tv The Journal Editorial Report FOX News February 1, 2020 12:00pm-1:00pm PST
paul: welcome to "the journal editorial report." i'm paul gigot. the united states senate wrapping up the second week of president trump's impeachment trial on friday. the vote paved the way for the president's widely expected acquittal next wednesday on charges of abuse of power and obstruction of congress over his dealings with ukraine. let's bring in wall street journal columnist and deputy editor, dan henninger and kim strassel and bill mcgern. how did mitch mcconnell win the fight over witnesses? >> i think he did it by -- he's a political master, that's for sure. let's try to characterize it
properly. i don't think mitch mcconnell is a brawler, he doesn't do hand to hand combat. he's a master of political judo. he uses opponents weight against them. they overplayed their hand, went too far and i'm sure that mitch mcconnell was monitoring his caucus every step of the way on witnesses. so the trial put everyone through the pain and suffering of sitting through the same arguments over and over and over again. and they would have had the witnesses come in to basically make the same argument for another two weeks and i think mcconnell saw the impeachment just wasn't reaching the point where he was going to have to start twisting arms to get his members to vote for witnesses. paul: a week ago there was that curve ball in the form of the new york times story about what is supposedly in john bolton's forth coming book. >> surprise, surprise. paul: the timing was
kavanaugh-esque. the risk for republicans is that somehow john bolton will say something or write something that comes out that is damaging to trump and the democrats will say ahha, this is a sham trial and it will hurt the republicans. what do you sunshine. >> i thin-- what doyou think? >> i think that is their strategy. from what we know of john bolton, i think he would say i hate this thing, i was against it, but it was the president's decision, not impeachable. paul: what about the risk to republicans? the danger of not calling witnesses ramped up after that called out. >> we're talking about the danger to republicans. in the house, the impeachment trial, the only bipartisan vote was on the republican side where the democrats lost a member. to dan's point, mrs. pelosi is treated like an oracle and issues these things and mitch mcconnell says very little but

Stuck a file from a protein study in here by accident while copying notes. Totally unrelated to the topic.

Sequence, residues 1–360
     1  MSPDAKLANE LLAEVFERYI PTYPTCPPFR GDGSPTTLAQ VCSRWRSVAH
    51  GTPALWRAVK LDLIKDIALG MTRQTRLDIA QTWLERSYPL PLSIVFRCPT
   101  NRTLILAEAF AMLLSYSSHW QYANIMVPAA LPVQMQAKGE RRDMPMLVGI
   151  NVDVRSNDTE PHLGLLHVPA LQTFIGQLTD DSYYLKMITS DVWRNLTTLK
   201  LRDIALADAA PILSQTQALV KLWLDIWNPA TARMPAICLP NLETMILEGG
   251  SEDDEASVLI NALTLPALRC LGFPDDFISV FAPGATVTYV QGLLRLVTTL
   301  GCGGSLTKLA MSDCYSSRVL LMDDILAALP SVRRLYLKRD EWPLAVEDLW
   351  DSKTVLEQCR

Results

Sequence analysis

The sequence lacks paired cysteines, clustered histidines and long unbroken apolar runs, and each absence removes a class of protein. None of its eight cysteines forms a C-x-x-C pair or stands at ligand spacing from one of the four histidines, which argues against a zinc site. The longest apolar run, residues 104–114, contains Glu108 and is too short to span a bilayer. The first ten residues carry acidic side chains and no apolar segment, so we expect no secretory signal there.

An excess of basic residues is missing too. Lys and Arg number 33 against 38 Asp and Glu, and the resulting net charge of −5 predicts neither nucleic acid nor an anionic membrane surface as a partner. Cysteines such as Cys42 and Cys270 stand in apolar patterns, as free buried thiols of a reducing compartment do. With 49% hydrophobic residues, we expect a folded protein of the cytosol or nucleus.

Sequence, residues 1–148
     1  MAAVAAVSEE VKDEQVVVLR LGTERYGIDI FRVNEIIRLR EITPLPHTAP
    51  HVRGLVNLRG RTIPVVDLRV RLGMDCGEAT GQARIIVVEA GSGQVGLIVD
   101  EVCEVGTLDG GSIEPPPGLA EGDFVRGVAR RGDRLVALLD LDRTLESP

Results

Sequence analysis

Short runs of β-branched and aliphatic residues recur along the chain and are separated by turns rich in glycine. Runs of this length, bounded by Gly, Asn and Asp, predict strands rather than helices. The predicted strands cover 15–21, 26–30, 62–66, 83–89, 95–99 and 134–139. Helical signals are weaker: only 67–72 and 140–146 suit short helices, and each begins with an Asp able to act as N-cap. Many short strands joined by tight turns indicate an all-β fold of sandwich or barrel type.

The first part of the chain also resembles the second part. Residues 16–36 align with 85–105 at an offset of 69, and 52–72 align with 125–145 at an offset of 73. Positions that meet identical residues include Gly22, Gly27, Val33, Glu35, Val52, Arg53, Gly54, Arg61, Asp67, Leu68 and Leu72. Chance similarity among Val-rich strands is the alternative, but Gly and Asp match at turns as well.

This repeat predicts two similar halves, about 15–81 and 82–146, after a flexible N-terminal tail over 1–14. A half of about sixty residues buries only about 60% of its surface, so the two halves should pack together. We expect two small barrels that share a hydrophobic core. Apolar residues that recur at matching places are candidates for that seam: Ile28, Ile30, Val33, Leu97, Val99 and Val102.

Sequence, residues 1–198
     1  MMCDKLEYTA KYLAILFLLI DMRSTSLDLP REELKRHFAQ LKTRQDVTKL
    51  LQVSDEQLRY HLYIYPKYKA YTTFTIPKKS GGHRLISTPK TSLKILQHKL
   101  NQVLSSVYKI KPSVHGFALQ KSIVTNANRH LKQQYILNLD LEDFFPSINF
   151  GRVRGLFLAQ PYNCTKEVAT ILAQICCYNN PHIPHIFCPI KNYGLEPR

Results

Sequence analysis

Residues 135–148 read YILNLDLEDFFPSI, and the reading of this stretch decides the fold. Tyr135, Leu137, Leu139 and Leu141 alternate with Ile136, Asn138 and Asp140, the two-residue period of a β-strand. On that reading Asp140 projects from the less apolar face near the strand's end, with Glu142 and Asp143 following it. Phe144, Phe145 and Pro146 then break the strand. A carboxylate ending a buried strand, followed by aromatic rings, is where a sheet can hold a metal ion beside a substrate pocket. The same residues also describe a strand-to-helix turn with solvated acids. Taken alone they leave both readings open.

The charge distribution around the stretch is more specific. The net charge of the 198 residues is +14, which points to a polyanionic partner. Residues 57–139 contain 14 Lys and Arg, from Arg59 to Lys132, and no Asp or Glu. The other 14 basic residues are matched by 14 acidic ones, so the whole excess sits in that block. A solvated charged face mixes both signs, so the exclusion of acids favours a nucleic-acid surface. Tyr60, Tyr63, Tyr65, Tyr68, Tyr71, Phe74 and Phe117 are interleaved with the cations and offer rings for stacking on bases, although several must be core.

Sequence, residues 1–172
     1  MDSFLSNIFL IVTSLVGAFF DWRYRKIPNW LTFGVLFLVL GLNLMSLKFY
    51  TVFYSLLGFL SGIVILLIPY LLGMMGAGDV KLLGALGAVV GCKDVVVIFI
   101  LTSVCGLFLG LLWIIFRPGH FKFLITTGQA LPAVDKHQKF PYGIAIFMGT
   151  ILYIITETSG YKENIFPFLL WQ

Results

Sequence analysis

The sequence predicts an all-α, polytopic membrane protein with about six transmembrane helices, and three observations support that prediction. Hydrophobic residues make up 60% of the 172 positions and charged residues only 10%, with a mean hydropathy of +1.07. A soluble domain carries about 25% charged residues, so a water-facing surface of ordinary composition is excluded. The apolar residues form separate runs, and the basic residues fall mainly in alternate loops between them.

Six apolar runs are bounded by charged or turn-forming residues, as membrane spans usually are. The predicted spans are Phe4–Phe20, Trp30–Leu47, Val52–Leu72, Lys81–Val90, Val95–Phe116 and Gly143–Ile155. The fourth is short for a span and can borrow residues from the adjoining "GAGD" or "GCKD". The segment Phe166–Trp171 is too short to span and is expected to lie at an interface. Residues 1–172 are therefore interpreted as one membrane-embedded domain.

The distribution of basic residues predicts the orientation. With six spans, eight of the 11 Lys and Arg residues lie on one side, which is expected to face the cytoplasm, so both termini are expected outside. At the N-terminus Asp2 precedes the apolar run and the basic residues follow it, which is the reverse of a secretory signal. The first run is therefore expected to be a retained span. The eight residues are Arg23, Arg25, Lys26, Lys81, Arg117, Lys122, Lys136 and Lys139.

counts his votes and gets it done. i think that's what the democrats are going to do, they'll find some way to say this is a sham. but i think their big mistake was playing to their base when they -- paul: democratic mistake. >> yes. in both the house and in the senate, instead of trying to create some bridges to split the republican party. paul: how important, kim, was the argument that if you -- to senators that if the house didn't call witnesses, why should we in the senate have to be doing your make-up calls? >> well, it was immensely important because it was a question not just of politics but of constitutional duty and a lot of republicans understood the risk as it is reframing the senate's job and putting them in a bad precedent for the future. but in the end, one of the reasons that mitch mcconnell managed to pull this off is because a lot of republicans ended up reframing this at the end of the week to a threshold question which was, look, even if everything john bolton said